Rie: I personally love writing the gritty, dirty, nasty, bad guy scenes. I love making my bad guys not just bad, but down right scary, make you have nightmares bad guys!
Phoebe: And what is your biggest writing pet peeve? (overuse of exclamation points, adverbs, bad guys named Wayne, etc.), if you have any?
Rie: Dialogue tags drive me crazy. I recently reviewed a novel and just about couldn’t get through it because of the inane dialogue tags. For example, the author wrote, “”Father?” A scantily raised and archly penciled brow came with the query.” Don’t do that! It takes away from the story.
Phoebe: What is the one writing tool can you not live without?
Rie: Does my editor count? LOL I still like to use pen and paper to make notes. I sometimes write whole chapters longhand, it just helps me connect my brain and ideas. I type so fast that my brain can’t keep up sometimes so I like having pen and paper.
Phoebe: How do you handle your writing schedule and your personal life without going insane?
Rie: Oh, that’s sweet, you think I’m sane now! LOL My kids are moved out, my husband is gone all day, so I have lots of time to myself.
Phoebe: What do you do to relax after having spent a long while writing? Do you have any hobbies?
Rie: I have a three-person Jacuzzi in my bedroom!
Phoebe: Is there any advice that you would give to an aspiring romance writer that you wish someone had given you?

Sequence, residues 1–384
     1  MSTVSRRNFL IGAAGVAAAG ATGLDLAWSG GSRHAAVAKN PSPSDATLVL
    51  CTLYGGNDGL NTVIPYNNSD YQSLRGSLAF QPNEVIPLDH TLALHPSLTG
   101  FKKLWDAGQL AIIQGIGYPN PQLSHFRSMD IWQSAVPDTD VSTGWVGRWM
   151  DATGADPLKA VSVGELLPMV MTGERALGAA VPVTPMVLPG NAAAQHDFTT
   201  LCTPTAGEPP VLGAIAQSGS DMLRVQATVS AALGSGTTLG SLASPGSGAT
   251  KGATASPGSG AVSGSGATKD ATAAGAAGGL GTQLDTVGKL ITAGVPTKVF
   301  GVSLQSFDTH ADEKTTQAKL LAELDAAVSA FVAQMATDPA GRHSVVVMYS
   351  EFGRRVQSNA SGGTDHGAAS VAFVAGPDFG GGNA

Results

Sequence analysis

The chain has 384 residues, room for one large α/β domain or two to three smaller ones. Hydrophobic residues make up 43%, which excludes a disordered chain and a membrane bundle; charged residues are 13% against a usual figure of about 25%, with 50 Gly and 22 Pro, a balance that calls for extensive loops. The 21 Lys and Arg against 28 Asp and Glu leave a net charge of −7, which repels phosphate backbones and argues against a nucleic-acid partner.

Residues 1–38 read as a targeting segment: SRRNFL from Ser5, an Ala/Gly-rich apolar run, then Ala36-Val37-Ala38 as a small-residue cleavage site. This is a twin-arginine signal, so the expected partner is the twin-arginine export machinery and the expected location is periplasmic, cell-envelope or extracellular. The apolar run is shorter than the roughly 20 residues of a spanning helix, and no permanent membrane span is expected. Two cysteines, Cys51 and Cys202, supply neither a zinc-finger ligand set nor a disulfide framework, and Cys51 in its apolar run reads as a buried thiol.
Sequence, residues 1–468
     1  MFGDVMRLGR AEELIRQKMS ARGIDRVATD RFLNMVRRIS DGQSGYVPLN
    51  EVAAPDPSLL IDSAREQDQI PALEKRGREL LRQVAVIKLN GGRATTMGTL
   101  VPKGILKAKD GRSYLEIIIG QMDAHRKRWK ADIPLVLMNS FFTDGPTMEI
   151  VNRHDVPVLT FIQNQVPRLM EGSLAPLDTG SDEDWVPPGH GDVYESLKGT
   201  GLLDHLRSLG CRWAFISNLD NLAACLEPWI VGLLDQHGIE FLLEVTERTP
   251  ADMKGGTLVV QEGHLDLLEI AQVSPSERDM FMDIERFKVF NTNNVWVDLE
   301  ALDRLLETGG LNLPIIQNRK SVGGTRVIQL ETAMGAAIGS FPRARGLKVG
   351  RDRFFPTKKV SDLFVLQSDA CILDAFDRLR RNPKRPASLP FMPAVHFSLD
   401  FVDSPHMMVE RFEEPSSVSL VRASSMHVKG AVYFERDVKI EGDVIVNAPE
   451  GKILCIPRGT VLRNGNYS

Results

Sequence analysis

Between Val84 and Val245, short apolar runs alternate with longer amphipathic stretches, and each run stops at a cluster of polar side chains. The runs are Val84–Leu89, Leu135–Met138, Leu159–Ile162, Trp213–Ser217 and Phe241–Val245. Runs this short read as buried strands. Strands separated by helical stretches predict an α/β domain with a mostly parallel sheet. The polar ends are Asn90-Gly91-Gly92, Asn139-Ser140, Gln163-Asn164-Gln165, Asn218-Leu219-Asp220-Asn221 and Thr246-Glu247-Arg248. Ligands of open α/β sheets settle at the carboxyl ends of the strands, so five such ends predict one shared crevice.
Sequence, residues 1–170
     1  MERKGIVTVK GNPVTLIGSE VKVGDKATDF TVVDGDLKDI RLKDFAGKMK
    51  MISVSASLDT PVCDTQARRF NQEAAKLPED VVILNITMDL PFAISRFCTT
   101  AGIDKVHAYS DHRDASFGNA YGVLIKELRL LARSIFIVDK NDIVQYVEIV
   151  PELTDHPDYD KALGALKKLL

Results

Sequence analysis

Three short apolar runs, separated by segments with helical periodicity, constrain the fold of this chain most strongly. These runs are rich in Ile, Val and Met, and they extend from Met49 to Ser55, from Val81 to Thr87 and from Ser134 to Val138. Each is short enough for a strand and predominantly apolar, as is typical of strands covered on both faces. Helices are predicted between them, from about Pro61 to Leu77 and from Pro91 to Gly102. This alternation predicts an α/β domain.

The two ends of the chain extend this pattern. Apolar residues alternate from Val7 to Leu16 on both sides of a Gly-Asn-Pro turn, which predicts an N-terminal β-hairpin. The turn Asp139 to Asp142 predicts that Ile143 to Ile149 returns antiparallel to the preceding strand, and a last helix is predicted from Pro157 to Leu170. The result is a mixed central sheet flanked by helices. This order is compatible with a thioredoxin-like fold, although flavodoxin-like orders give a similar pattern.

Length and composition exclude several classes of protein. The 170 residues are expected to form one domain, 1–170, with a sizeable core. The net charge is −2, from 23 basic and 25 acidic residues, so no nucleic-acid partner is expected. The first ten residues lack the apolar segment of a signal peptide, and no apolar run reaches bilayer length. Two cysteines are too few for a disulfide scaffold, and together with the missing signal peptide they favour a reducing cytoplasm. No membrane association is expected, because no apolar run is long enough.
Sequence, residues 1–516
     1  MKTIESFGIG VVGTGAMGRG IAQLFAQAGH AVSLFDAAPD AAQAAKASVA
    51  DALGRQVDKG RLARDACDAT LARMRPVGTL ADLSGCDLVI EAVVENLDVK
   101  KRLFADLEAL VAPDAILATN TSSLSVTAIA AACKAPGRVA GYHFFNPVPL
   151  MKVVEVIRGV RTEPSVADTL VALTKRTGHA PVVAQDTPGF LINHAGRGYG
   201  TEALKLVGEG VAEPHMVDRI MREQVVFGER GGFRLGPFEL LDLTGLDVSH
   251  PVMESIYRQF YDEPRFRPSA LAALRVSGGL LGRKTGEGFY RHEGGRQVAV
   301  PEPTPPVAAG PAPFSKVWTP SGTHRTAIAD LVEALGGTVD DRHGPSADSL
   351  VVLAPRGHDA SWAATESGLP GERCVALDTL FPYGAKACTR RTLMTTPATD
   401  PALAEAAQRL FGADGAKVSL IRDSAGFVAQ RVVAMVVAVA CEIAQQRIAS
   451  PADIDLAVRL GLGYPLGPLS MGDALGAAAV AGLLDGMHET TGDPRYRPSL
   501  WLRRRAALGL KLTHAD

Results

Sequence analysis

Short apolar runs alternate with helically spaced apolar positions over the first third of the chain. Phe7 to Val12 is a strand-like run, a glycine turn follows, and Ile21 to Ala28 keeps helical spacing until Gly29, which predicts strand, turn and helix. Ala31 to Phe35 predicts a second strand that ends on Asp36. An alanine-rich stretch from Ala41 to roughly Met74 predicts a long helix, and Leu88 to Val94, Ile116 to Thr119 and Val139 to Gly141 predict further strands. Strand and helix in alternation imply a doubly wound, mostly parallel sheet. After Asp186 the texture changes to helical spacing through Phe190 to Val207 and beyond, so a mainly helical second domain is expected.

Rie: Don’t wait until you are published to join writing groups, get a critique partner, and start getting your name out there now before you start promoting a book.
Phoebe: Is there any writing tips, research tips, promotion and marketing tips that you would give to an aspiring romance writer that you wish someone had given you?
Rie: Always get someone else’s opinion about your work. It can be very difficult to be objective about something you’ve spent months working on, and it can be very difficult to see typo’s, so let someone else read you and give you constructive criticism. You’ll never know all there is to writing, so keep learning as you go.
Phoebe: Do you have a favorite genre you like to read? Who is your favorite author(s)?
Rie: I pretty much read all genres, except I’m not a big fan of sci-fi. I love James Patterson and his Alex Cross books. Alex is the perfect man, but I fell in love with Alex’s partner, John…I was so upset when James Patterson married him off!
Phoebe: What are you reading now? And what do you plan to read after that?
Rie: I just finished reading an ARC to review called Home After Dark by Darryl E. Robidoux. It’s an autobiography and I just loved it. My reviews are posted at myreview blog. Up next, I’m reading Spank Me Once anthology available from Noble Romance Publishing.